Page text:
Being Bette, however, she annoyed committee colleagues with some revolutionary ideas and her bullish style.
Realising that she was meant to just be a figurehead and keep her stronger opinions to herself, Bette did the only thing a strong woman could. She quit.
She then shocked everyone by playing a kind, nice person.
This was The Great Lie, starring alongside Irish-born star George Brent, with whom she is said to have had a lengthy relationship. It’s a shockingly modern tale, with a married couple finding their union is invalid as her divorce hadn’t been final yet.
He leaves his pianist “wife” for his old flame, Bette’s character Maggie Patterson.
He then goes missing during a flight over the Amazon, his ex finds she is pregnant, and she and Maggie go off to Arizona together to await the birth.
Just imagine how that storyline was greeted in April 1941 – and this was one of Bette’s nice, pleasant roles!
The man then turns up alive, and Maggie tells him the baby boy is theirs, while his ex is away on a long music concert tour. When she comes home and taunts him that he’s only staying with Maggie because of the child, and that the child is actually hers, he has to choose.
Feeling Maggie is the one he truly loves, he stays with her. For once, Bette played a lovely lady, and even enjoyed a happy ending.
Another 1941 film, The Little Foxes, benefited from some extra writing by the great Dorothy Parker, teamed up with her husband Alan Campbell.
Bette played southern aristocrat Regina Hubbard Giddens exactly as she had seen Talulah Bankhead do it in theatre.
Davis said it made her sad that Talulah’s brilliant version couldn’t simply be turned into a film, and she’d even asked them to put Bankhead in the film version instead of herself.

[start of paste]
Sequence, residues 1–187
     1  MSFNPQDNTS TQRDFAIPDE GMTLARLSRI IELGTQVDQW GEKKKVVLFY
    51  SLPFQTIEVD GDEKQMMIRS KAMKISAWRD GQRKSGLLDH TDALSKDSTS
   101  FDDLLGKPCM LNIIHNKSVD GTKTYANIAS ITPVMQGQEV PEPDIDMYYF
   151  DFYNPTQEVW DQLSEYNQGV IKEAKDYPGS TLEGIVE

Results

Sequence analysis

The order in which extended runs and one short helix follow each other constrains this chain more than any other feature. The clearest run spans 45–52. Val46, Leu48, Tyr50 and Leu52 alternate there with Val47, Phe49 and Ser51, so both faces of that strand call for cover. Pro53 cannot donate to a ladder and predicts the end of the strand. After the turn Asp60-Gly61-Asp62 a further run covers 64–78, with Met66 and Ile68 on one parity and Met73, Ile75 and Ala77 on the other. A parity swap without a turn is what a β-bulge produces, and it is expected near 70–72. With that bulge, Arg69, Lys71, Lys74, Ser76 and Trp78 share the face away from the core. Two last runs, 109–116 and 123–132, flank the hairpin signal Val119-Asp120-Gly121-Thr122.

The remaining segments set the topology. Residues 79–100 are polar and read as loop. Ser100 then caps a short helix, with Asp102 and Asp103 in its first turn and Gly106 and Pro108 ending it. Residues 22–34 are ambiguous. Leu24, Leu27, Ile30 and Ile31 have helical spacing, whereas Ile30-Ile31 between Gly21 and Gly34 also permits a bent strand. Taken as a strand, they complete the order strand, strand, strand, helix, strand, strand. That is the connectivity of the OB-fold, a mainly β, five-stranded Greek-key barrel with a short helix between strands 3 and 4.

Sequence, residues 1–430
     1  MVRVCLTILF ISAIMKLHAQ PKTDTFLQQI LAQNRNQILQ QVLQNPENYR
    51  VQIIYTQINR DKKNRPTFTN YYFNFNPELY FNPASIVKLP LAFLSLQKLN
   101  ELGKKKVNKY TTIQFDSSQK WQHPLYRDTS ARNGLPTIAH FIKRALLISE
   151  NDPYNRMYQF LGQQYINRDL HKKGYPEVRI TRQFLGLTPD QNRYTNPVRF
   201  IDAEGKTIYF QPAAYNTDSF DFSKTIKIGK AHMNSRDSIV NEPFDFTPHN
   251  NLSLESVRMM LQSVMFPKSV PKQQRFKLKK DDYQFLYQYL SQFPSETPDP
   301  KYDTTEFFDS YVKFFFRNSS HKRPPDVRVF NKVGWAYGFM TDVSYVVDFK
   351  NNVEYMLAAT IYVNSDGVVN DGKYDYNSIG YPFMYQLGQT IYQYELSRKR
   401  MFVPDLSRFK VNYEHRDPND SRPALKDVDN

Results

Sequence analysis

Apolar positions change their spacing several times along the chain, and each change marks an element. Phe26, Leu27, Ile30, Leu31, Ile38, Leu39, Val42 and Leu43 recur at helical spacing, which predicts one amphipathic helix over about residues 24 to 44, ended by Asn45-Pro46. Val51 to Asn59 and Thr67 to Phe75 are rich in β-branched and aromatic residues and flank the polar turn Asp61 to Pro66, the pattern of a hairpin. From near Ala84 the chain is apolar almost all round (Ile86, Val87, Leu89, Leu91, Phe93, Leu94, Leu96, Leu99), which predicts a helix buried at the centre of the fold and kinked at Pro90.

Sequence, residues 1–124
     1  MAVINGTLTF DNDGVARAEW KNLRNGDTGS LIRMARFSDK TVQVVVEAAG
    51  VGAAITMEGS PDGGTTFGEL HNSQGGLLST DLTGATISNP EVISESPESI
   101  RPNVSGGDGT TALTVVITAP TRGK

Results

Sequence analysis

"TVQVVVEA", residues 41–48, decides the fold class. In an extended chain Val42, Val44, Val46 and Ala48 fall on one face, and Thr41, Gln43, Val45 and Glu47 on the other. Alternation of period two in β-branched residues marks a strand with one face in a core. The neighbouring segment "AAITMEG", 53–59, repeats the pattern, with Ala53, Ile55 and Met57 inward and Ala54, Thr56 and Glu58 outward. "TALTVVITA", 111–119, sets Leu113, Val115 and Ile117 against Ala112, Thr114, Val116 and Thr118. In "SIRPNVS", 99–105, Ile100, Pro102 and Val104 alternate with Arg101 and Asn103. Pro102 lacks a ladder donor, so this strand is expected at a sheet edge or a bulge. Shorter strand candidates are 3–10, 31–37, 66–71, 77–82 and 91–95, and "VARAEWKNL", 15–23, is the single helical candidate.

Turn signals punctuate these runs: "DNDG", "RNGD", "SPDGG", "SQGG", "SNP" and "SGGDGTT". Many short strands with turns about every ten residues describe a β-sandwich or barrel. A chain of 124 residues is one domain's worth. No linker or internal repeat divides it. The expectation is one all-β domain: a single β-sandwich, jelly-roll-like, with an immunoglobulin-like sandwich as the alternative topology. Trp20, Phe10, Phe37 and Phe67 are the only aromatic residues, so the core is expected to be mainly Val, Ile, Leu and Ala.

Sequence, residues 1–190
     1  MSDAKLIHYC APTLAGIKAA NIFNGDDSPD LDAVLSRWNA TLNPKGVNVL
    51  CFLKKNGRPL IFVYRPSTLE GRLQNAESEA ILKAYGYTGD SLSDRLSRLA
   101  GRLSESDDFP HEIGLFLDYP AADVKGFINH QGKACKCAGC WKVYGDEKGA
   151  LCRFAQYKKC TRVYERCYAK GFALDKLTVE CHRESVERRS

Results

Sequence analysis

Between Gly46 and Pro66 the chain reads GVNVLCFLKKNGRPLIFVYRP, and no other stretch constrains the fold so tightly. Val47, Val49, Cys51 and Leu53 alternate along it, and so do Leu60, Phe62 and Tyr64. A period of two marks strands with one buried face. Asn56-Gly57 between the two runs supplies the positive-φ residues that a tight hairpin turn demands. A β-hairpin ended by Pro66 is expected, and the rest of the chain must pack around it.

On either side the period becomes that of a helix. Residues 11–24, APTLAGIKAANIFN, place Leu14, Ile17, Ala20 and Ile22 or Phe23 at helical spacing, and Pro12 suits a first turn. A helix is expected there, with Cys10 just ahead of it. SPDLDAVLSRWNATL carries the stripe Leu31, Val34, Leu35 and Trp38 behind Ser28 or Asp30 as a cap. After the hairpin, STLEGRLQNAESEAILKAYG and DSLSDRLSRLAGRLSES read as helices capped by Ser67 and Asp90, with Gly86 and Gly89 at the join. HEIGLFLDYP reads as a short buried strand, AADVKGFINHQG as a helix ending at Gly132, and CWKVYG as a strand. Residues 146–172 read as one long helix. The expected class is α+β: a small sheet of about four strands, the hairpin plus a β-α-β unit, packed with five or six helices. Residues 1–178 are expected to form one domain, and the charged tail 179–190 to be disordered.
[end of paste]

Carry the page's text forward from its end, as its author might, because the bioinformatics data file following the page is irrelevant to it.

In the end, Bette made a marvellous job of it, during what many consider her peak years.
Sadly, with war looming, her burgeoning career would now have to take a bit of a back seat – Bette would be too busy throwing herself into the war effort.
After Pearl Harbor, she put her energy into selling war bonds, shifting an amazing $2 million worth in just two days.
She also sold a photo of herself in Jezebel for a huge sum, and it too went towards helping the military. Bette performed for black regiments, the only white member of a group of actors, and she also got other stars to help entertain the troops.
Cary Grant and other pals were cajoled and persuaded to do their bit, and she turned a dingy old nightclub into what became known as the Hollywood Canteen, where they could do shows with servicemen as the audience.
As you can imagine, all of this made Bette Davis extremely popular with everyone, and she could do no wrong…